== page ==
John Delaney Reacts to Mass Shootings While Campaigning in Iowa

CRESTON, Iowa -- Former US Representative John Delaney told voters that a conversation about mass shootings is intertwined with mental health at a house party Sunday.

Like the other Democratic presidential candidates, Delaney has called for more "commonsense gun control," like universal background checks.

But his policies outline something different, a liability insurance for gun owners.

"If they're a high risk person, it's harder for them to get insurance," he said.  "So if they're guilty of a hate crime, it will be hard for them to get insurance, that'll actually keep firearms out of the wrong people's hands."

During his campaign event, the former representative covered a number of topics, varying from climate change to healthcare. He didn't directly bring up the topic of gun control, but a voter did.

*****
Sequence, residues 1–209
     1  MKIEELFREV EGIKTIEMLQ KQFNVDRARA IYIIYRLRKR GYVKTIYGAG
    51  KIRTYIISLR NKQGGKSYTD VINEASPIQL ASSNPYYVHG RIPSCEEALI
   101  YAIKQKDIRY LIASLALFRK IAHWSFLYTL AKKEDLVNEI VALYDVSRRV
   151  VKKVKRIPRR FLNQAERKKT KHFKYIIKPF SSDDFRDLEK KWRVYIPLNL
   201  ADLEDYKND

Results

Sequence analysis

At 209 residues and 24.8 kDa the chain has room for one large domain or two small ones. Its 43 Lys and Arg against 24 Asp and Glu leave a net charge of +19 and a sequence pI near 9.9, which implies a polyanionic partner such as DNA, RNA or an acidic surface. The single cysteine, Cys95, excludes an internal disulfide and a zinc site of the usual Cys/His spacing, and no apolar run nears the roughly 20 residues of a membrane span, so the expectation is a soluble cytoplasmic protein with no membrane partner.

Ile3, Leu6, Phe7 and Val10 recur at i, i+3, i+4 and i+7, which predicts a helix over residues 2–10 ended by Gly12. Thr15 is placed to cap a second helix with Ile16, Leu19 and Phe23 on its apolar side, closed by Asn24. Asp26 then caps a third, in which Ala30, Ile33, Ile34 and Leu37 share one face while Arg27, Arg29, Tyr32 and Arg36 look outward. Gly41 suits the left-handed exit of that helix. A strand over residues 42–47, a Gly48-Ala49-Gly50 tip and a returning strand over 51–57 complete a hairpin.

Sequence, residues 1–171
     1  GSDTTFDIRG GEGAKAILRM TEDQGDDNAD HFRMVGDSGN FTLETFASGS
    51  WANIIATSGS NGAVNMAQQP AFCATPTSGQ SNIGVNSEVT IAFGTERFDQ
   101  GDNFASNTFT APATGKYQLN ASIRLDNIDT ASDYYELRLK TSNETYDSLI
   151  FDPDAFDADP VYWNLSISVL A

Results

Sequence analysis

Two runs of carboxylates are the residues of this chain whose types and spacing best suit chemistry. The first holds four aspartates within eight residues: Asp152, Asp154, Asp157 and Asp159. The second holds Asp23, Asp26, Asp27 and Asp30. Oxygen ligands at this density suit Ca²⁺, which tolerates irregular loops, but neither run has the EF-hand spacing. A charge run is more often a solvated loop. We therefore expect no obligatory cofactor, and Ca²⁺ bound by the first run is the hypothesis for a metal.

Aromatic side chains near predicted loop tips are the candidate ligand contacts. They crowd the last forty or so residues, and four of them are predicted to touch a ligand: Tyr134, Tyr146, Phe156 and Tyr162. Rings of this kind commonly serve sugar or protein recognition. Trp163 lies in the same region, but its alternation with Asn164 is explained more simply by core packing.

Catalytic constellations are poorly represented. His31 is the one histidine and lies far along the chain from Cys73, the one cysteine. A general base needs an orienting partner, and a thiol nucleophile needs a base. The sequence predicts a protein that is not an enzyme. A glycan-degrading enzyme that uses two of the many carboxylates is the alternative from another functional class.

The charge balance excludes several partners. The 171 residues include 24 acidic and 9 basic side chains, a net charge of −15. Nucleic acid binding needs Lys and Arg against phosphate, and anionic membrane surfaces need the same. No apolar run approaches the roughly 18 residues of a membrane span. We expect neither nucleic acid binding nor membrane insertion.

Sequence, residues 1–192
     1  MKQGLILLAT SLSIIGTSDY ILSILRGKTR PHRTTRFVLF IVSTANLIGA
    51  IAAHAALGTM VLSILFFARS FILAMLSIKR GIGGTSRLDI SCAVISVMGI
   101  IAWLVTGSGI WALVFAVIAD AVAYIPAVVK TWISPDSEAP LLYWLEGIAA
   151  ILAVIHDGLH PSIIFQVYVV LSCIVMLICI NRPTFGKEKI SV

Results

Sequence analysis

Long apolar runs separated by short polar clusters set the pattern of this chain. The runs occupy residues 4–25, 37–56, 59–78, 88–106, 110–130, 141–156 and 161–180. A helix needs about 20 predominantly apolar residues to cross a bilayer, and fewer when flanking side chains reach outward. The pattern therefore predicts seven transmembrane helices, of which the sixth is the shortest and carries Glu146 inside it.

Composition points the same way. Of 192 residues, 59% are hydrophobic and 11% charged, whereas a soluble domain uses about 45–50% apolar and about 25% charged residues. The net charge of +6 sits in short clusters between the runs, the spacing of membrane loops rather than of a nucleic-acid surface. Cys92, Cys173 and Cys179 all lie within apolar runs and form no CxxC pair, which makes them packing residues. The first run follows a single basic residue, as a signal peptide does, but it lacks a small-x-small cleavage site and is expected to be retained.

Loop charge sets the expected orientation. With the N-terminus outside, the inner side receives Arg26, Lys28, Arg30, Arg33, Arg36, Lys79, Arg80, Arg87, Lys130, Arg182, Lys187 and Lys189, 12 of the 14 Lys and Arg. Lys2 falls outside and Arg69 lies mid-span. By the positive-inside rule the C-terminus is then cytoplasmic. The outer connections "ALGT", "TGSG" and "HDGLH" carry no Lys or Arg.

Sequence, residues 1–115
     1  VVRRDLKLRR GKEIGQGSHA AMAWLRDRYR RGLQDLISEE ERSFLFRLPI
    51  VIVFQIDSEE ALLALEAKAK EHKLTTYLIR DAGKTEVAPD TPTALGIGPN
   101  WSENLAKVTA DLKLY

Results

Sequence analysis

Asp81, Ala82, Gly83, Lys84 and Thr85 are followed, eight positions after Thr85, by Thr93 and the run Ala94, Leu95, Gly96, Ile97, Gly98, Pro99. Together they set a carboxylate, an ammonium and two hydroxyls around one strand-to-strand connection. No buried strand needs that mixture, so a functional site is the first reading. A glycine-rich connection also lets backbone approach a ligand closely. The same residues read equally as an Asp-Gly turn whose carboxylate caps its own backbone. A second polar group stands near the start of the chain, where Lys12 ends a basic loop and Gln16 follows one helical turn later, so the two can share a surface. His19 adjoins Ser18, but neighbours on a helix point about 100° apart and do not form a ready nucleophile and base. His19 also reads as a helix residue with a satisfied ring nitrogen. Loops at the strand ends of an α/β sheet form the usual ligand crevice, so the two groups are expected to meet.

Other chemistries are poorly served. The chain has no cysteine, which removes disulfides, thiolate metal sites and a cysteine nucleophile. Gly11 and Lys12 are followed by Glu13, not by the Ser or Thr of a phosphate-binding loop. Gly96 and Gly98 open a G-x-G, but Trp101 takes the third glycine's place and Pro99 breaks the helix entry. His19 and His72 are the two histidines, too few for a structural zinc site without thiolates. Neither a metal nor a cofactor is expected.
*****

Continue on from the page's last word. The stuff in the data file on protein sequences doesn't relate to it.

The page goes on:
Marcia Fulton, who hosted the house party, said she is horrified by the frequencies of mass shootings in America.

"We have to do something, certainly registrations, at least a good background check," she said. "This is not right. This does not happen in other countries."

Delaney turned the conversation toward mental health when asking about gun violence, describing their intertwined relationship. But he noted that the conversation about mental health only scratches the surface.

"There's more going on in these shootings than mental health, but obviously anyone who shoots another human being has a mental illness to some level," he said. "But there's more, too. There's things that trigger. There's triggering agents."

In a tweet earlier Sunday, Delaney suggested those "triggering agents" are President Donald Trump and the National Rifle Association.

"If we wanted to have less mass shootings, we would have universal background checks, we'd have limitations on assault style weapons, we'd have red flag laws," Delaney said. "We’d also invest more heavily in mental health, and we would have a president that doesn't say things that kind of indirectly perhaps encourage hate crimes."

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